verify-docsshows detailed information about [Verify] attributes.
docsnavigates to this document in your default web browser.

To get help on a specific Objective Sharpie tool, enter the name of the tool and the -help option. For example, sharpie xcode -help returns the following output:

$ sharpie xcode -help
usage: sharpie xcode [OPTIONS]

Options:
  -h, -help        Show detailed help
  -v, -verbose     Be verbose with output

Xcode Options:
  -sdks            List all available Xcode SDKs. Pass -verbose for more
                     details.

Before we can start the binding process, we need to get information about our current installed SDKs by entering the following command into the Terminal sharpie xcode -sdks -verbose. Your output may differ depending on which version(s) of Xcode you have installed. Objective Sharpie looks for SDKs installed in any Xcode*.app under the /Applications directory:

$ sharpie xcode -sdks
sdk: iphoneos8.1    arch: arm64   armv7
sdk: iphoneos7.1    arch: arm64   armv7
sdk: macosx10.10    arch: x86_64  i386
sdk: macosx10.9     arch: x86_64  i386

From the above, we can see that we have the iphoneos8.1 SDK installed on our machine and it has arm64 architecture support. We will be using these values for the rest of this document. With this information in place, we are ready to parse the Objective-C library header files into the initial ApiDefinition.cs and StructsAndEnums.cs for the Binding project.

Read through the header files for the target project to find the "top-level" header file to use with Objective Sharpie. Well designed libraries make this pretty easy, for example: LibFoo will probably have a LibFoo.h that has #import or #include directives to bring the rest of the library API into scope for parsing. Therefore only LibFoo.h should need to be specified. If the output from Objective Sharpie isn't what you expect, re-examine the header files and include only what you need to input to the tool.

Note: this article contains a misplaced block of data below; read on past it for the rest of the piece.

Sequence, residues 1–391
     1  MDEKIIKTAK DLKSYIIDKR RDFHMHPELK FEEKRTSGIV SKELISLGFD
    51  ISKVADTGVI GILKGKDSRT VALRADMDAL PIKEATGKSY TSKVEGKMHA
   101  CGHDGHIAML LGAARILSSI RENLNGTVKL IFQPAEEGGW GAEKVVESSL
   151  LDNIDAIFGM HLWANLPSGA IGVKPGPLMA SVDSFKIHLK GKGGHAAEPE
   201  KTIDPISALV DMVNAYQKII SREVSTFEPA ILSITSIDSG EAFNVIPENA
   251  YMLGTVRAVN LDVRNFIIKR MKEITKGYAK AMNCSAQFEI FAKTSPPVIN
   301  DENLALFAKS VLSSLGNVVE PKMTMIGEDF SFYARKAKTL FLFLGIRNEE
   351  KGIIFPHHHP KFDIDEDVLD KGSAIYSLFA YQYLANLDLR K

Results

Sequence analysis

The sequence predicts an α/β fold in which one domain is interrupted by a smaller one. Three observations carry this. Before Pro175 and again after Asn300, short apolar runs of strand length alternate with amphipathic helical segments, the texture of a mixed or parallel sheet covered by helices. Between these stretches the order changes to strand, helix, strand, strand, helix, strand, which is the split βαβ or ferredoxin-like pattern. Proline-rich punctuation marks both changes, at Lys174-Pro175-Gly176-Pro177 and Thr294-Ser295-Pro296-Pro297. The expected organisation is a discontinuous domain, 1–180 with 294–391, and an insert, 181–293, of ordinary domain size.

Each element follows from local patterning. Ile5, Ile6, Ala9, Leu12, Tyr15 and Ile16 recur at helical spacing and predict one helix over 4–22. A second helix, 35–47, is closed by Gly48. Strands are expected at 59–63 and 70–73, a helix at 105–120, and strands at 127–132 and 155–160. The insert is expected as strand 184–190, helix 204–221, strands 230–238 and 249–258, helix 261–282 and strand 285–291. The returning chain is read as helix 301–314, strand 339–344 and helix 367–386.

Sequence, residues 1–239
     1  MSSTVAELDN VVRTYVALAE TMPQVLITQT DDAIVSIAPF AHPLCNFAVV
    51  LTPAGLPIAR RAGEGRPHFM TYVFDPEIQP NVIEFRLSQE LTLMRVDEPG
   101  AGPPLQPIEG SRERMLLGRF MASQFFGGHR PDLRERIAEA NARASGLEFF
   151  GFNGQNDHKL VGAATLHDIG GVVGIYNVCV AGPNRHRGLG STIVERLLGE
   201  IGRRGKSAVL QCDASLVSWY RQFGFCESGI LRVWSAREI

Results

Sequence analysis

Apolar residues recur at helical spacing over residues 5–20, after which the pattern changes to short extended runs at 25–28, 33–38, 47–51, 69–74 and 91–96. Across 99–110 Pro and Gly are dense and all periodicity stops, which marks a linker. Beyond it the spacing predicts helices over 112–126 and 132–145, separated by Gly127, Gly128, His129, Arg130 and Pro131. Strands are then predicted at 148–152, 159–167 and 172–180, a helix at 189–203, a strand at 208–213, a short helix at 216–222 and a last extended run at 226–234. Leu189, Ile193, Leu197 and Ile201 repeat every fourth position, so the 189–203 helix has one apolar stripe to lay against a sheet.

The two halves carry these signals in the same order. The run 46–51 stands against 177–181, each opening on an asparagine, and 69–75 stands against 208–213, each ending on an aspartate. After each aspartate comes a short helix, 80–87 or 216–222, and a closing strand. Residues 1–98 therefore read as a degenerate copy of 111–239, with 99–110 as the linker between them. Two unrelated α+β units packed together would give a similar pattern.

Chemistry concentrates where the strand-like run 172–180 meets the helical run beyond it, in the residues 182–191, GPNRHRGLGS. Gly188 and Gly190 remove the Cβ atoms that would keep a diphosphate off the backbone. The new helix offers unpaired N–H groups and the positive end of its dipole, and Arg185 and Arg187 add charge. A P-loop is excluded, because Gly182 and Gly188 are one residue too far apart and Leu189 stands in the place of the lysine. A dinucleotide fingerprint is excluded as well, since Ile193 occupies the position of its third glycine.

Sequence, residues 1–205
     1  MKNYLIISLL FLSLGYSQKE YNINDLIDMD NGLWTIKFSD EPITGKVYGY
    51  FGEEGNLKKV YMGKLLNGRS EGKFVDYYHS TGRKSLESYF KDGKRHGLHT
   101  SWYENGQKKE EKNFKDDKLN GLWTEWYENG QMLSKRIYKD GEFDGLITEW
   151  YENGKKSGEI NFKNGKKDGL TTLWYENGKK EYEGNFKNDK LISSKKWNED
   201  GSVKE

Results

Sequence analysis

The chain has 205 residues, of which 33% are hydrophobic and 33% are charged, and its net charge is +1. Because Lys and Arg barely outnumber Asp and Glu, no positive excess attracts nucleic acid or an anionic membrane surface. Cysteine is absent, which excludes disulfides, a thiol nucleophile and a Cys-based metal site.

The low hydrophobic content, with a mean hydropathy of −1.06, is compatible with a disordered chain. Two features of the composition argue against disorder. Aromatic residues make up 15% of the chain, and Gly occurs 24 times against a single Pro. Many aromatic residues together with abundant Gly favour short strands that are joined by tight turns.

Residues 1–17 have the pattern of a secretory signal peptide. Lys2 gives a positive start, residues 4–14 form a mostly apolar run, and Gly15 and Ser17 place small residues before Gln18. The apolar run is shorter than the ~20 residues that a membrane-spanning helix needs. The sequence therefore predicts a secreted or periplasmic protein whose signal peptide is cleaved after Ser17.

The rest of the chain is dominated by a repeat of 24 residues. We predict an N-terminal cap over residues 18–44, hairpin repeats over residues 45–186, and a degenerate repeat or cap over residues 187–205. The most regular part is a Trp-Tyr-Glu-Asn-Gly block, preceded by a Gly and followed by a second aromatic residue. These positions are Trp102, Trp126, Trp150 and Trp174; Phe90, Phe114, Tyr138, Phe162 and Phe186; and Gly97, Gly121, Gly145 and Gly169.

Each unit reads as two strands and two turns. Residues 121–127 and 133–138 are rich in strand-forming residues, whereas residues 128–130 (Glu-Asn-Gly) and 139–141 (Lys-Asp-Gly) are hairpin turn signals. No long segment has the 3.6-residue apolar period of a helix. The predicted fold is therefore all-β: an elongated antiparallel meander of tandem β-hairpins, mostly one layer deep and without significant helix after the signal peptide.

Real-World Example

This example uses the POP library from Facebook as found on GitHub. Before using Objective Sharpie, we must first clone and build the library. Building the library before binding is typically a useful and important step before binding (although you may not always be able to build the library, especially in the case of a proprietary binary). Always read through any documentation that may be associated with the library regarding building, compiling, or linking against the library.

$ git clone https://github.com/facebook/pop.git
Cloning into 'pop'...
remote: Counting objects: 908, done.
remote: Total 908 (delta 0), reused 0 (delta 0)
Receiving objects: 100% (908/908), 427.35 KiB | 0 bytes/s, done.
Resolving deltas: 100% (588/588), done.
Checking connectivity... done.

$ cd pop

Because the POP library has an Xcode project (pop.xcodeproj), we can just use xcodebuild to build POP. This process may in turn generate header files that Objective Sharpie may need to parse. This is why building before binding is important. When building via xcodebuild ensure you pass the same SDK identifier and architecture that you intend to pass to Objective Sharpie:

$ xcodebuild -sdk iphoneos8.1 -arch arm64